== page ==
There’s something powerful about seeing an old newspaper in the flesh. Next in my pack were two papers from the Edwardian period: a reprint of The Daily Mirror from April 1912 and an original copy of The Times from April 1911. They’re separated by less than a year but at first glance they seem centuries apart. The front page of the mirror is devoted to the memory of W. T. Stead (the pioneering journalist who died on the Titanic) and features several photographs along with a bold headline. It’s compact tabloid format makes it easy to pick up, manipulate, and carry around. The Times, on the other hand, is much weightier. The densely packed pages of print make it look heavy, but it’s only when you open it up and start to read it that the sheer size of the thing really hits you.
I was halfway through reading the first column before my arms started to ache. Maneuvering it into a more comfortable position is tricky – particularly for somebody more used to reading news on a smartphone than a broadsheet. It pins you down; chains you to your seat. Forget about carrying it around with you. If I tried to open it up during my commute home I’d take up half the train carriage. Whilst the Daily Mirror and the National Police Gazette would cheerfully fit in my jacket pocket, I’d have to carry The Times under my arm – a statement of old-fashioned Englishness that just begs to be accompanied by a black umbrella and a bowler hat. In material terms, it offers a completely different experience.
All of this stuff is pretty obvious – particularly to anybody who read broadsheet newspapers before the rise of the Berliner format – and yet there’s still something revelatory about picking up a Victorian newspaper and feeling its weight and texture in your hands. It’s a different experience to searching digital copies, spooling through microfilm, or even browsing leather-bound volumes. There’s something rather magical about it; a sense of communing more closely with the past.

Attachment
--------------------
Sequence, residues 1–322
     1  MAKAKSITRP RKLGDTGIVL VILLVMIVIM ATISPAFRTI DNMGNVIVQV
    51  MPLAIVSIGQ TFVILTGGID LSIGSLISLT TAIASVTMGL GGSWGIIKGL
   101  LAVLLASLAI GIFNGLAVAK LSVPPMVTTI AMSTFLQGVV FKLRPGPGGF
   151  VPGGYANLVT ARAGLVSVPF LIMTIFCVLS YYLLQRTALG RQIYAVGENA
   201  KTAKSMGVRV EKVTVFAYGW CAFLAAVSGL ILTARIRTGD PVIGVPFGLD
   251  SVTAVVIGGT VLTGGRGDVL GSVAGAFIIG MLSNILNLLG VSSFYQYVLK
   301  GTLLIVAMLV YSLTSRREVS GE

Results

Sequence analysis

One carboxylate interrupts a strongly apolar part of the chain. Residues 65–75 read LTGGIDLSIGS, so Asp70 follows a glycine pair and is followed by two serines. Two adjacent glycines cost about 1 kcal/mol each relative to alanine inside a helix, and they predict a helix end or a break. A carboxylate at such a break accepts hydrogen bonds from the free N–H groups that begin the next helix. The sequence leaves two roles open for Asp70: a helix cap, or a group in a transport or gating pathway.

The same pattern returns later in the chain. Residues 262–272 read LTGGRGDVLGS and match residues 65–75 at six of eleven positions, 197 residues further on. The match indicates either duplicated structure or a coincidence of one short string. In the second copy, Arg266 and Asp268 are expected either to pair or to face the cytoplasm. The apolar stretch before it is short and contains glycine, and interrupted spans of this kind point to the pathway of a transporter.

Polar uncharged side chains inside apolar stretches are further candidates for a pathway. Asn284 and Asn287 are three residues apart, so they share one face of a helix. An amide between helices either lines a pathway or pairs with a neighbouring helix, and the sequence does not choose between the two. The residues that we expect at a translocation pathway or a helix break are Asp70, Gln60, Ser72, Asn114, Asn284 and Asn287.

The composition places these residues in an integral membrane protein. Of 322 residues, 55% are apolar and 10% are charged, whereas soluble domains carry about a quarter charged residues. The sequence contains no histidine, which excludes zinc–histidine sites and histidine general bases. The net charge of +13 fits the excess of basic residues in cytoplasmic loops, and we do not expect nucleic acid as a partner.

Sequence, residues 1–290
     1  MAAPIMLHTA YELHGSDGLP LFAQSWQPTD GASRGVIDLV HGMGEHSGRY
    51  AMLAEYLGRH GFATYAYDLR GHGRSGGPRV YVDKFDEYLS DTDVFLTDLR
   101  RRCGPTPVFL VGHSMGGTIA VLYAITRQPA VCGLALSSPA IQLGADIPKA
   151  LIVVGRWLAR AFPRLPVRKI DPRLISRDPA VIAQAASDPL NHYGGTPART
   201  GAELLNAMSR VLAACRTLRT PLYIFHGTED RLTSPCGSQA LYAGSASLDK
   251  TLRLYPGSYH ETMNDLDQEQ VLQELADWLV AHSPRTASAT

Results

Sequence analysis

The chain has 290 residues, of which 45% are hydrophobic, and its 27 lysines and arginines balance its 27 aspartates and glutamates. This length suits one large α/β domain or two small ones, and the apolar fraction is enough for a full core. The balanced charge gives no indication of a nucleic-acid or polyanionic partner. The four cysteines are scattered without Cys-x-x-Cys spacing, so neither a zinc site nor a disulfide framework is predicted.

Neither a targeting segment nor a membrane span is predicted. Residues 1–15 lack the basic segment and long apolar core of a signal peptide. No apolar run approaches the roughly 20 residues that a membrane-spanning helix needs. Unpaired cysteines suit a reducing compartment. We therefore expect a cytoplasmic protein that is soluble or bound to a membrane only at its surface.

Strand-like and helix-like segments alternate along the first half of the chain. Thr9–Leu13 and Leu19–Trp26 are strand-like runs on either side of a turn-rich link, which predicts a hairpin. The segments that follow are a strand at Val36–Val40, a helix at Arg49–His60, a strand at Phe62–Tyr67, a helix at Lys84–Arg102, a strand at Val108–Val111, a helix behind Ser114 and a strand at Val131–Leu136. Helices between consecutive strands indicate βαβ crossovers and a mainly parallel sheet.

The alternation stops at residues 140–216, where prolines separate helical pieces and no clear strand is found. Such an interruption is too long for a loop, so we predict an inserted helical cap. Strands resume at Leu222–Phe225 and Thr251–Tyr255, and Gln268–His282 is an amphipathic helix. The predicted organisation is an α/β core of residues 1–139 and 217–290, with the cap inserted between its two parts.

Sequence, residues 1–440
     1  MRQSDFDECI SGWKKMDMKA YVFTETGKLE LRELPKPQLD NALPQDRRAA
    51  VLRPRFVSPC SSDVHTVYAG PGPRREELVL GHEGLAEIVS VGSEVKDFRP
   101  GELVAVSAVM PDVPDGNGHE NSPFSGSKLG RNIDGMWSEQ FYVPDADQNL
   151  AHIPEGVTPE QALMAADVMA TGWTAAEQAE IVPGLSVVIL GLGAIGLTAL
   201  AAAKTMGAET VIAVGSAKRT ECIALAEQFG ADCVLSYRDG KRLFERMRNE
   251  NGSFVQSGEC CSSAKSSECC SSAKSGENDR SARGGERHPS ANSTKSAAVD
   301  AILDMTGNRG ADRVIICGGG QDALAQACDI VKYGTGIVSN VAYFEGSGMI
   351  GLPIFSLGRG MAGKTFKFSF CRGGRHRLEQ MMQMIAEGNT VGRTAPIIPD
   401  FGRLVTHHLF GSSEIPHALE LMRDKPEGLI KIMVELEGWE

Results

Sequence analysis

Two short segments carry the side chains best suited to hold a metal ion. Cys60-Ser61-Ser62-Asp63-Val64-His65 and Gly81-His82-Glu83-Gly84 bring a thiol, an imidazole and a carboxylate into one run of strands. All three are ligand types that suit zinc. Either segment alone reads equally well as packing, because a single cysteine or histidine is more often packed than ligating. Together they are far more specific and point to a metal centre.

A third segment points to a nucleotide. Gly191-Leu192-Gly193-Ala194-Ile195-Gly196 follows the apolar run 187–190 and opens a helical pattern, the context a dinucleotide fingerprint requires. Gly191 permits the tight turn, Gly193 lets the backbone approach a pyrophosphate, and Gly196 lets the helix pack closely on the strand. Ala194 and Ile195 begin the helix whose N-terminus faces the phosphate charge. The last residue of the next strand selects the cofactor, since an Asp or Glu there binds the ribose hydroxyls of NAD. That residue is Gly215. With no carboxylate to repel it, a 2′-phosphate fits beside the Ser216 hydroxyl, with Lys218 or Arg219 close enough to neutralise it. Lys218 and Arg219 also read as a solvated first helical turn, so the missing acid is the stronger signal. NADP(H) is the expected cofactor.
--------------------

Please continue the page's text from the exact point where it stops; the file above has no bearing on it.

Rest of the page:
Recognising the material life of our texts isn’t just pleasurable, it’s important. As Leah Price has recently reminded us, books and newspapers “mattered to the Victorians in ways that cannot be explained by their printed content alone. And whether displayed, defaced, exchanged, or discarded, printed matter participated, and still participates, in a range of transactions that stretches far beyond reading.”
I showed the papers to some of my students and they were equally enthralled. I only intended to give them a minute or two of browsing whilst I set up my PowerPoint presentation, but we ended up spending the best part of half an hour pouring over them. Digital archives, for all of their wondrous qualities, just don’t have the same magnetic effect.
This isn’t a Damascene conversion. I’m still an unreserved enthusiast when it comes to digital archives – they allow us to do so many things that we couldn’t do before, and the mysterious possibility of the empty search box brings its own sense of excitement. But, for now at least, I’m enjoying a brief flirtation with the pleasures of print.
If you’d like to get your hands on your own copies of some old newspapers, I heartily recommend www.historic-newspapers.co.uk. They’ve got a great selection of content and the papers come beautifully packaged. If you need a last minute gift for the Victorianist in your life, you can’t go wrong with a copy of the National Police Gazette!